When is creative too creative
Rida Muhammad • Apr 15, 2017
Have you ever thought that you’d be more successful if only you were more creative? Most of us believe that being as creative as possible will yield the best results, but there’s actually lots of evidence to the contrary.
Creativity is an essential quality which is present in all aspects of our lives. It is in our way of thinking, presenting, building, preaching, and even the little daily chores we do at home. If we are not imaginative and innovative with ourselves, life becomes pretty boring doesn’t it? Being creative helps us stay organized and come up with new ideas and techniques for the work we do. Simple inventions like Snapchat and Facebook wouldn’t have taken place if it wasn’t for the minds that thought out of the box and helped create the world we live in now.
As essential it is to be creative, it shouldn’t come in between professionalism. Studies have shown that proposals that show too much creativity often fail, and that humans are drawn to what’s familiar to them. Despite being original with your content, people tend to sometimes try too hard to achieve something and end up overkilling it. It comes out as a cry for attention, be it by an unemployed candidate or a simple youtuber. People tend to overdo in trying to impress the audience they are approaching.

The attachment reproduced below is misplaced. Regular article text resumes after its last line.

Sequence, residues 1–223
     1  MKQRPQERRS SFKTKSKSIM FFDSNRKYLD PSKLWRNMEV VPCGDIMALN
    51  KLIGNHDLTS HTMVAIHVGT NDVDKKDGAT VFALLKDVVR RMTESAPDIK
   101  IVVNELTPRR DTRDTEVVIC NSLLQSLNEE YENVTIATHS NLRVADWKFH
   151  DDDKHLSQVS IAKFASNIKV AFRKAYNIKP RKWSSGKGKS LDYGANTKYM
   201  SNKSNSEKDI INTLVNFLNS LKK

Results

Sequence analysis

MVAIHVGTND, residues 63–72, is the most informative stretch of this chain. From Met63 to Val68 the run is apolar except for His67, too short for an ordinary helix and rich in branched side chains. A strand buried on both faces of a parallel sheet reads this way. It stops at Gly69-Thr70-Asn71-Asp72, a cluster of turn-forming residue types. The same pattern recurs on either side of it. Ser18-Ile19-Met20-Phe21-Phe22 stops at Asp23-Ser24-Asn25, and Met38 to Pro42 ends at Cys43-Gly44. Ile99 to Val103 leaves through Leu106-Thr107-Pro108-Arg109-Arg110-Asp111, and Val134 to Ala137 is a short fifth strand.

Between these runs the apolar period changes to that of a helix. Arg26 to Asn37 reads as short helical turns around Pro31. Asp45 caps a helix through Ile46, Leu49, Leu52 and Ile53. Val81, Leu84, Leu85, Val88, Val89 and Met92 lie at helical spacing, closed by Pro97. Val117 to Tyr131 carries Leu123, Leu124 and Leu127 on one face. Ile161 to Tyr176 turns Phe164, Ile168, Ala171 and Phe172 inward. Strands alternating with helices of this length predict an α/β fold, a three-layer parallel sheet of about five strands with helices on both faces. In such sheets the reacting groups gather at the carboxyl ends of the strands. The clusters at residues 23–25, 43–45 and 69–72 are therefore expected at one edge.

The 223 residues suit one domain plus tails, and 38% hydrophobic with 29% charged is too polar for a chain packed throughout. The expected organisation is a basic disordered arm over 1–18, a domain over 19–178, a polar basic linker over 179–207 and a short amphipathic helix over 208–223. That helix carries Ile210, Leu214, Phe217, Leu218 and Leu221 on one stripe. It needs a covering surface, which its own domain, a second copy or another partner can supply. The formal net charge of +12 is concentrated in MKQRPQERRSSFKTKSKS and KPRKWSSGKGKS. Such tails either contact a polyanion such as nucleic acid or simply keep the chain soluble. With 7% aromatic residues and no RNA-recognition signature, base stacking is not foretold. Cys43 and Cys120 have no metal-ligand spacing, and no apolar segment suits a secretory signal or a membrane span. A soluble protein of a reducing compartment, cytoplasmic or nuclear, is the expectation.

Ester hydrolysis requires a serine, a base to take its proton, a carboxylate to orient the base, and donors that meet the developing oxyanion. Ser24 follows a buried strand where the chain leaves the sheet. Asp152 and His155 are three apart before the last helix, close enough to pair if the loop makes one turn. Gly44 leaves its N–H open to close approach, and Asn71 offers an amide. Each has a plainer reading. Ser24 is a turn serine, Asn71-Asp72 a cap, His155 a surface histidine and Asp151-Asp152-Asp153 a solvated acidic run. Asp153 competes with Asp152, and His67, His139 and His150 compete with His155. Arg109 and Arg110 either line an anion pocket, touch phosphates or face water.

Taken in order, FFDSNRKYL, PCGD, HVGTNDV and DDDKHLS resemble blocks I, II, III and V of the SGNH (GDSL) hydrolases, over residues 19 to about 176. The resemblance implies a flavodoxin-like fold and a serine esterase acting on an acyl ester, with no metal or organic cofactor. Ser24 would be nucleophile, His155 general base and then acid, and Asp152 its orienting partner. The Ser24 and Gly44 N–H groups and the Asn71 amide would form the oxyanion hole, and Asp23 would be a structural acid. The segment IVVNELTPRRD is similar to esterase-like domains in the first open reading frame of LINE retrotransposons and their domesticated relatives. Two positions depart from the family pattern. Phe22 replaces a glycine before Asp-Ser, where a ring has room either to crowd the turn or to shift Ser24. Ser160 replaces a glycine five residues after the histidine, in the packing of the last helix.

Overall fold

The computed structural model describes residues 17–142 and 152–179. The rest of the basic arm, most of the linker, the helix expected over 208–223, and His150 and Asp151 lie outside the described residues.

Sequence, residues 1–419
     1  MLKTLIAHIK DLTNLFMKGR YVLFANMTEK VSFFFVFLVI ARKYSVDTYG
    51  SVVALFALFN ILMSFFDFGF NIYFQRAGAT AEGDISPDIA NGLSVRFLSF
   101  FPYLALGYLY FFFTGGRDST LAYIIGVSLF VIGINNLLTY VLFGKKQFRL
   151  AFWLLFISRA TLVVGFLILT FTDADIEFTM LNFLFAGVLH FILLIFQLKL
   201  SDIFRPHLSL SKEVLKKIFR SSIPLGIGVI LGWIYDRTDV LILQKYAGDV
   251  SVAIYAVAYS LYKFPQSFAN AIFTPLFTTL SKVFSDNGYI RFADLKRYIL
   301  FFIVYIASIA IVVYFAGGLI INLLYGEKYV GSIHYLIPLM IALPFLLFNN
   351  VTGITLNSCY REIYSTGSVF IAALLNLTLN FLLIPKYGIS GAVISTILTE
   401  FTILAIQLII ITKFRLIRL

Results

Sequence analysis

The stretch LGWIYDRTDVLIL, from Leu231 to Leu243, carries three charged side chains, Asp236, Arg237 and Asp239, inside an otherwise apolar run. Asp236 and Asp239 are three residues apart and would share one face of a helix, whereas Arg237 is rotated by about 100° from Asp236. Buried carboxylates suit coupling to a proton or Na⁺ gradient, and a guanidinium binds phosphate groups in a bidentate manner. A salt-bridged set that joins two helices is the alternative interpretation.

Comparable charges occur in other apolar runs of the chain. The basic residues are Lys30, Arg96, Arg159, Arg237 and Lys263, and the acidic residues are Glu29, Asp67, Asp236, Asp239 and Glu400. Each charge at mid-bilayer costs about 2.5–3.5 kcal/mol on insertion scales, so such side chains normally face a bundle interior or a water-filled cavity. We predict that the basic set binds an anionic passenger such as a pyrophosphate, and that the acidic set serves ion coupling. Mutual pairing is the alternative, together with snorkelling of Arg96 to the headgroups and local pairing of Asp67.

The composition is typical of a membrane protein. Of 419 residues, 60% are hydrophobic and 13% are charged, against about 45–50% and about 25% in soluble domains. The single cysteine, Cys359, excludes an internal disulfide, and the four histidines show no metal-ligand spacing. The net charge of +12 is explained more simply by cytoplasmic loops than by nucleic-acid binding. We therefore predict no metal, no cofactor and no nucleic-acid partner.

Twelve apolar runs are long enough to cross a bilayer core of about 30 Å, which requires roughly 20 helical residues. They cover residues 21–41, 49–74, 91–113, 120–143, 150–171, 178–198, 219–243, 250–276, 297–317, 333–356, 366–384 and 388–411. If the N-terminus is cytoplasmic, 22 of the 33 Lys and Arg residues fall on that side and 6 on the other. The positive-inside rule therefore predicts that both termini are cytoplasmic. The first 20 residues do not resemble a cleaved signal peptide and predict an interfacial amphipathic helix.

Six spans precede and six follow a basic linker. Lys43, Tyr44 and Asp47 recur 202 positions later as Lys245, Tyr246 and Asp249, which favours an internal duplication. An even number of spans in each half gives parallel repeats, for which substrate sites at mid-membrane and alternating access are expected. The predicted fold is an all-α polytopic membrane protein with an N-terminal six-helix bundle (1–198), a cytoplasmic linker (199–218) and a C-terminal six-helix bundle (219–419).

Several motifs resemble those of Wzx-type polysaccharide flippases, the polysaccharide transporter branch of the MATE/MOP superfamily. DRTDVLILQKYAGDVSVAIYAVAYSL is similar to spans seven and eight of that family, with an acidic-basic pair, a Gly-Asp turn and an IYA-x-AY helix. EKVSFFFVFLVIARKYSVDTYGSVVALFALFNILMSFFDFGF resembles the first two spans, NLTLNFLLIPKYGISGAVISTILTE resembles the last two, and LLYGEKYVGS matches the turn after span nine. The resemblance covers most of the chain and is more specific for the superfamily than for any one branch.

Less is more
Yes there are expectations for people to bring a unique and different idea on the table in order to be noticeable and inventive, but sometimes less is more. An article printed in Brigham Young University’s school magazine tells of an MBA student who sent his resume to Johnson & Johnson, only to have it returned with the instructions that it “needed to be printed on white paper, mailed unstapled in an 8 ½ x 11 envelope, and could not have fancy printing or graphics, bold, underlines, italics, or small print.” This is a great example which teaches us balance between our creative thinking and knowing how much is too much. In trying to create an impression, overdoing can easily bring down the value of your work.
Know your audience
Know when to demonstrate your abilities and how much. Being too flashy or overly creative for a 9-5 job resume doesn’t really fit in a professional work place, does it? This just ends up portraying an individual who has misplaced priorities, someone who spends too much time amusing themselves with creating a project instead of focusing on putting that project to work in order to achieve its intended result. In industries like graphic design and advertising your resume can be as vibrant and spirited as you want.
It is all about the right balance between being familiar with your knowledge and being too surprising. It’s not enough to simply come up with the most creative idea you can – you also need to make sure that it contains some familiarity. If an idea is so new that it’s hard to understand and explain, it’s unlikely to be successful.
But don’t neglect it
Getting out of your comfort zone is defeating a great enemy to creativity. It helps the mind achieve new perspectives and opportunities. Creativity is not just for artists. It is for businesspeople looking for a new way to close a sale; it is for engineers trying to solve a problem; it is for parents who want their children to see the world more than one way. Creativity definitely challenges you.